Water began creeping over county roads and flowing through already-broken levees in parts of western Iowa on Wednesday as the Missouri River rose.

Interstate 29 north of Council Bluffs remained open to traffic Thursday morning. The Iowa Department of Transportation reported some ramp closures west of Crescent, Iowa, on Interstate 680 and on I-29.

The department warned that conditions could change rapidly. Drivers are encouraged to continue checking 511ia.org.

Iowa Gov. Kim Reynolds issued a disaster proclamation for Pottawattamie, Fremont, Harrison and Mills Counties because of flooding along the Missouri River. The proclamation enables state resources to be applied to flood response there.

Heavy rainfall across areas of Nebraska and South Dakota has sent water downstream into the Missouri River.

So flood-weary Iowans again are watching river gauge readings and checking for road closures.

National Weather Service meteorologists have said minor to moderate flooding could occur from Blair south to Rulo, with river levels peaking Thursday and Friday. More storms are possible Wednesday night in the Omaha area.

Still, officials said flooding should not be nearly as bad as what occurred in March.

Wednesday afternoon, Pottawattamie County officials reported two minor breaches along or near the Missouri River, one on a protective berm southwest of where the Missouri and Boyer Rivers converge and another on the Honey Creek drainage ditch.

Emergency notifications have gone out to residents in those areas, and county crews are trying to find out more about how severe the breaches are and what the impact might be.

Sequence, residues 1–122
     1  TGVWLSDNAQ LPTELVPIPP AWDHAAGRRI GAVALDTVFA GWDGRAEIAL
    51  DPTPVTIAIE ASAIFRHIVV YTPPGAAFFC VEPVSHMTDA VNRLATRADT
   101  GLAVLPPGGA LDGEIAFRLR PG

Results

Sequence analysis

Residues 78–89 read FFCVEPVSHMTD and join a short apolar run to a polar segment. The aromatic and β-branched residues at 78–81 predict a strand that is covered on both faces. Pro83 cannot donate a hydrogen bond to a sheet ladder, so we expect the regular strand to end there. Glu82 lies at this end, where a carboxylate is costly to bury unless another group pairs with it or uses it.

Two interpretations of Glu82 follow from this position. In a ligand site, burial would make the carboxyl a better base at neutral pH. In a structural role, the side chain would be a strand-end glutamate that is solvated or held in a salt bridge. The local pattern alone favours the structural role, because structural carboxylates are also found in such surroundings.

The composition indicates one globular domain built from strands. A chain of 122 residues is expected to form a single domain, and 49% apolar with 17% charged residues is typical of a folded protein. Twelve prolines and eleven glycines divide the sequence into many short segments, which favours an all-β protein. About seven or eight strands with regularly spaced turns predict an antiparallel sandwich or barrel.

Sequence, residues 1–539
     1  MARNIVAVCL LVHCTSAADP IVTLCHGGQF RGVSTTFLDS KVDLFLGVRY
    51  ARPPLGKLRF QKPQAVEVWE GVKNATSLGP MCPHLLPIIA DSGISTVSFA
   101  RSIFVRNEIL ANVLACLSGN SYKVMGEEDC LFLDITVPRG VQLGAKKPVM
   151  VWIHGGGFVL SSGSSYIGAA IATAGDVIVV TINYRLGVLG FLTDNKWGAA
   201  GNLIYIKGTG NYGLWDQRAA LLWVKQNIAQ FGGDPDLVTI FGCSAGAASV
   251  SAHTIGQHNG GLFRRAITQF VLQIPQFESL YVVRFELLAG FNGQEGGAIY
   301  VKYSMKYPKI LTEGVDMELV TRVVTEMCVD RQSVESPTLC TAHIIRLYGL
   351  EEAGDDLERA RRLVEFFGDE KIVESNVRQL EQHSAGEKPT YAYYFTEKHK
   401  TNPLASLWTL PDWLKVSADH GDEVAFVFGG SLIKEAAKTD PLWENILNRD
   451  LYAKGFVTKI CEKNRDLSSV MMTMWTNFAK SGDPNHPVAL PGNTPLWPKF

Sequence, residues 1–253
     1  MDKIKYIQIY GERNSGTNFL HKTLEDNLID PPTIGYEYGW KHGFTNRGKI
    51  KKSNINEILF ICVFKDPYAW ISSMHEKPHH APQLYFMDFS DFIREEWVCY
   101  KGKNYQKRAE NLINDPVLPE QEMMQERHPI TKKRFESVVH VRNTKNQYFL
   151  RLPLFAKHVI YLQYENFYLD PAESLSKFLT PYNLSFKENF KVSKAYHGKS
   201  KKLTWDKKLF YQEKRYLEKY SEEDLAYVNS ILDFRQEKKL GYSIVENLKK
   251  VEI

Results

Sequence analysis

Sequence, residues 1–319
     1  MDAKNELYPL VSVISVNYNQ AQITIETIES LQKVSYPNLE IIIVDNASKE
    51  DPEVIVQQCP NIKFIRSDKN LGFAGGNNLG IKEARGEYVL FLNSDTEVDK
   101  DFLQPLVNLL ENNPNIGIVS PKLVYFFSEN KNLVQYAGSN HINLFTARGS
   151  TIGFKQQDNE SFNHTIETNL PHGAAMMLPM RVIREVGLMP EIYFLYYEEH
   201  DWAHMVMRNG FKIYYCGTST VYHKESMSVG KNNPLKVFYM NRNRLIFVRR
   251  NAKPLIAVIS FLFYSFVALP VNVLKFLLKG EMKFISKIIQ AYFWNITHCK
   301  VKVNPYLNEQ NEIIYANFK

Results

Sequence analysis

“As more floodwater is now being released into the area due to these breaches, we need the public to steer clear of the area,” said Doug Reed, Pottawattamie County's emergency management director, in a press release.

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Residents living south of the Boyer-Missouri confluence south to I-680 and from the Missouri River to east of I-29 along 152nd Street and south to Old Mormon Bridge Road should continue to monitor flood conditions and be prepared to evacuate over the next several hours if flooding worsens, Reed said.

Several county roads have closed near Honey Creek and Crescent, including 145th Street, and down south in Mills County, near flood-ravaged Pacific Junction.

In Mills County, water from the Missouri was pushing through a levee breach left from March's record flooding, creating what looked like a lake, according to Mills County spokeswoman Sheri Bowen.

That breach, south of Lambert Avenue and 2.5 miles southeast of the Plattsmouth Bridge, has yet to be repaired. The area is mostly farmland, but there are about 60 homes in the area.